• Emerging Biomarkers in NSCLC Training: Recent studies indicate that more than 70 percent of patients with cancer treated in community cancer centers do not receive biomarker testing per National Comprehensive Cancer Network guidelines, and more than 50 percent of the patients tested do not receive appropriate precision medicine therapies based on their test results. To help close this gap, ACCC has launched Emerging Biomarkers in NSCLC Training, the goal of which is to increase the capability of community cancer programs to perform comprehensive biomarker testing and act when a new treatment becomes available for a previously unactionable biomarker (e.g., KRAS G12C) to improve patient outcomes and quality of life.


  • Eliminating Disparities in Access to Precision Medicine in Lung Cancer: ACCC and its partners at LUNGevity and the Center for Business Models in Healthcare are working with two cancer program sites to develop an intervention for both patients and providers to promote biomarkers testing for patients with lung cancer in underserved communities. ACCC and LUNGevity Foundation will present the project’s research findings at the upcoming IASLC 2021 World Conference on Lung Cancer (Sept. 9) and ASCO Quality Care Symposium conferences (Sept. 24).


  • Operational Pathways for Molecular Testing in NSCLC: The ACCC-developed Biomarker Testing Implementation Roadmap for NSCLC is an innovative learning tool that can help multidisciplinary care teams obtain the knowledge they need to implement, expand, and sustain biomarker testing for patients with NSCLC. The roadmap gives users information about how to lay the groundwork for biomarker testing, train and prepare their team to offer testing, implement the testing, and evaluate ongoing progress.


  • Patient-Centered Small Cell Lung Cancer (SCLC) Care: Insights from Patient- and Provider-Facing Surveys: In this initiative, ACCC will conduct patient and provider surveys to garner insights into the care journey of patients with SCLC.  Survey questions will focus on perceptions, barriers, and challenges in the patient/provider relationship and will examine the psychosocial impact of SCLC on patients. The survey will also address existing operational challenges and gaps in current care delivery processes, services, and resources. Responses will be used to identify actionable items with the goal of improving overall care and quality of life.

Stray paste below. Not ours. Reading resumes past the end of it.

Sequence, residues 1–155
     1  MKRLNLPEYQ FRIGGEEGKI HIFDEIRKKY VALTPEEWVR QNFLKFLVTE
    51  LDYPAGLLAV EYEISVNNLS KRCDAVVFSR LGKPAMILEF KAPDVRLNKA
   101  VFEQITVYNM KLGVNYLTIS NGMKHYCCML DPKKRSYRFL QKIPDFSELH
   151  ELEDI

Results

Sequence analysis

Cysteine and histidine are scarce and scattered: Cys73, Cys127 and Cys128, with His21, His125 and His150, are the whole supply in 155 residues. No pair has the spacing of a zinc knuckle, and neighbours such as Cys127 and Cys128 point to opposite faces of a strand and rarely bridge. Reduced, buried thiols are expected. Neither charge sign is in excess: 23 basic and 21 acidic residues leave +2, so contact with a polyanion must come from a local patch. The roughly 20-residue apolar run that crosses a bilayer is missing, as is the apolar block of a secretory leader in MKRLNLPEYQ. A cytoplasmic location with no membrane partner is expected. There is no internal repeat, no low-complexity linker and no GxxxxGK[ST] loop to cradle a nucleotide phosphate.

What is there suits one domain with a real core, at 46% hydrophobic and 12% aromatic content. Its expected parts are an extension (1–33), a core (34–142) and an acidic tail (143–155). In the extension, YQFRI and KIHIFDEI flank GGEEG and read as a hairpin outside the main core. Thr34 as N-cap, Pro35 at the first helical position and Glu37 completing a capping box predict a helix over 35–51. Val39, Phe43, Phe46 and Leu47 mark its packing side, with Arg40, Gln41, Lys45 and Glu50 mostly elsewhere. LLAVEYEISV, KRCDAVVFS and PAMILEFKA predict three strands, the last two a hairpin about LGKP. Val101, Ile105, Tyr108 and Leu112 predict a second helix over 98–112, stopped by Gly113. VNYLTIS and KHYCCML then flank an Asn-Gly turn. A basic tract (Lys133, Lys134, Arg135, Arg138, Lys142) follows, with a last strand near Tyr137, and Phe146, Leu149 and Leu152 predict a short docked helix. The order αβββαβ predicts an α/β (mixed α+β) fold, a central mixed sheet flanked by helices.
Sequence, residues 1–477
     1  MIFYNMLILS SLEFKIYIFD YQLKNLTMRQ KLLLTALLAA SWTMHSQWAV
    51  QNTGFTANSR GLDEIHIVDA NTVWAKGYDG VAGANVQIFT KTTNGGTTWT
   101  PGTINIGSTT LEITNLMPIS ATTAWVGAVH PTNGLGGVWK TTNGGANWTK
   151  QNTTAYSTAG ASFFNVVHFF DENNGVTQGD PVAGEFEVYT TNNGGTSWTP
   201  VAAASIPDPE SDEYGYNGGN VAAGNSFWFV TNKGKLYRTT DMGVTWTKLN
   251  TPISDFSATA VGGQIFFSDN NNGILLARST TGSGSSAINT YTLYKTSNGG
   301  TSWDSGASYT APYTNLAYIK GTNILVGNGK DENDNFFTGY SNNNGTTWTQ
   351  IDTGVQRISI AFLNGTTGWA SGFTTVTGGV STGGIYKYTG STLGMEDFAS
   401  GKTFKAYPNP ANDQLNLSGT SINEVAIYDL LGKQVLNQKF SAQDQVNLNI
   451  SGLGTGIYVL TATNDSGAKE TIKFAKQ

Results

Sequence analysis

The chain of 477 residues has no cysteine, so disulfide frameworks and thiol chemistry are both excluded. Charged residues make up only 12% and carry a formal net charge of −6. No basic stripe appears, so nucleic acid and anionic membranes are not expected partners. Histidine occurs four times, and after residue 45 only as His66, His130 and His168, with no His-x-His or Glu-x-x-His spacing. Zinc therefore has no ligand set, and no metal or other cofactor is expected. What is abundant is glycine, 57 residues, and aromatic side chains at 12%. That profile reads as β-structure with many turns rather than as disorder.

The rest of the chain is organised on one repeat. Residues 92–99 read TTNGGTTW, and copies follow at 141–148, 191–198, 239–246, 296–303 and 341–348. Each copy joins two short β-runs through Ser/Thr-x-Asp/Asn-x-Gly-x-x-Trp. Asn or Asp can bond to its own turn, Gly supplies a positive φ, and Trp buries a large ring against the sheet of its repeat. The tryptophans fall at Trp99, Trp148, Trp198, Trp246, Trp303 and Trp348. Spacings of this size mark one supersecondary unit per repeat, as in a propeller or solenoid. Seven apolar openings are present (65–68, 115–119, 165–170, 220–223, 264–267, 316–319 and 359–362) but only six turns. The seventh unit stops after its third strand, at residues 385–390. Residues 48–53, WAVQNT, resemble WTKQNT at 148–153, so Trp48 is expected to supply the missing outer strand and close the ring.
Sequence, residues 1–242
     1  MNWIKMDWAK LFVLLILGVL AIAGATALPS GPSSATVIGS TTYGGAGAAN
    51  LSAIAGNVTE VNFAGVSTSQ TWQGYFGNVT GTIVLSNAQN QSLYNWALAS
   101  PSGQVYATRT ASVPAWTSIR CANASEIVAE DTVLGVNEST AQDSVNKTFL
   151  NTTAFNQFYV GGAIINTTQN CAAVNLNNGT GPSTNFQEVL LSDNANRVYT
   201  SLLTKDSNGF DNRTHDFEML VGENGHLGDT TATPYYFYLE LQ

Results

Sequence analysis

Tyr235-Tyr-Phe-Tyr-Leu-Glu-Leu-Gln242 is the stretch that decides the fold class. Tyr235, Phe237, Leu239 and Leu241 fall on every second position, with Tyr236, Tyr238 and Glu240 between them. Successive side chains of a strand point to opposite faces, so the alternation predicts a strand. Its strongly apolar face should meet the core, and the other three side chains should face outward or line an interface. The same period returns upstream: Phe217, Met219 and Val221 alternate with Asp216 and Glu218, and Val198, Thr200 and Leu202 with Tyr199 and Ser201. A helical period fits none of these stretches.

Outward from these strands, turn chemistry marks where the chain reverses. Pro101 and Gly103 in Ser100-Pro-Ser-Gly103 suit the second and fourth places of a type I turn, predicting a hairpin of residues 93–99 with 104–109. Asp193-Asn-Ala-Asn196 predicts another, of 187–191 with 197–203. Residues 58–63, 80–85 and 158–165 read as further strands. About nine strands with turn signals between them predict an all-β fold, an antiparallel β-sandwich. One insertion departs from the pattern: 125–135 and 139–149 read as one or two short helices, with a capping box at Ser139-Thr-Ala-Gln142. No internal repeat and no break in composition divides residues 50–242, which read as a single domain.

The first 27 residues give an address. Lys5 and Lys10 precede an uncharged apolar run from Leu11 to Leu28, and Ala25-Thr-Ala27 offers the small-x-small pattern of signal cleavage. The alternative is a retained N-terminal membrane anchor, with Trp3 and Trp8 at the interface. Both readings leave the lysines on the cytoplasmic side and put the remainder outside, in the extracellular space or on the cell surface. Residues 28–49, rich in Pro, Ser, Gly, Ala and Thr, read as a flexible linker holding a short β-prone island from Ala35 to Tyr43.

• Fostering Excellence in Care and Outcomes in Patients with Stage III and IV NSCLC: Growing knowledge of NSCLC subtypes and molecular biomarkers for lung cancer has led to more complexity in treatment planning and decision-making for patients—particularly for those diagnosed with locally advanced stage III and metastatic stage IV disease. In this project, ACCC is conducting a national multi-phase effort to identify and provide guidance to clinicians in different practice settings. This initiative will address care coordination and communication within multidisciplinary cancer care teams and educate them about how to eliminate barriers to optimal care and implement process improvement initiatives.


  • Optimizing Advanced NSCLC Biomarker Testing, Treatment, and Management: While the evolution of targeted therapies has significantly improved outcomes and quality of life for patients with advanced NSCLC, it also poses challenges for the inter-professional members of the cancer care team. ACCC joined the American Society for Clinical Pathology to provide resources and CME-/CMLE-accredited activities to help members of the cancer care team enhance their coordination of patient care and gain deeper scientific knowledge, skills, and competence in biomarker testing services.

Access more of ACCC’s extensive library of materials on lung cancer: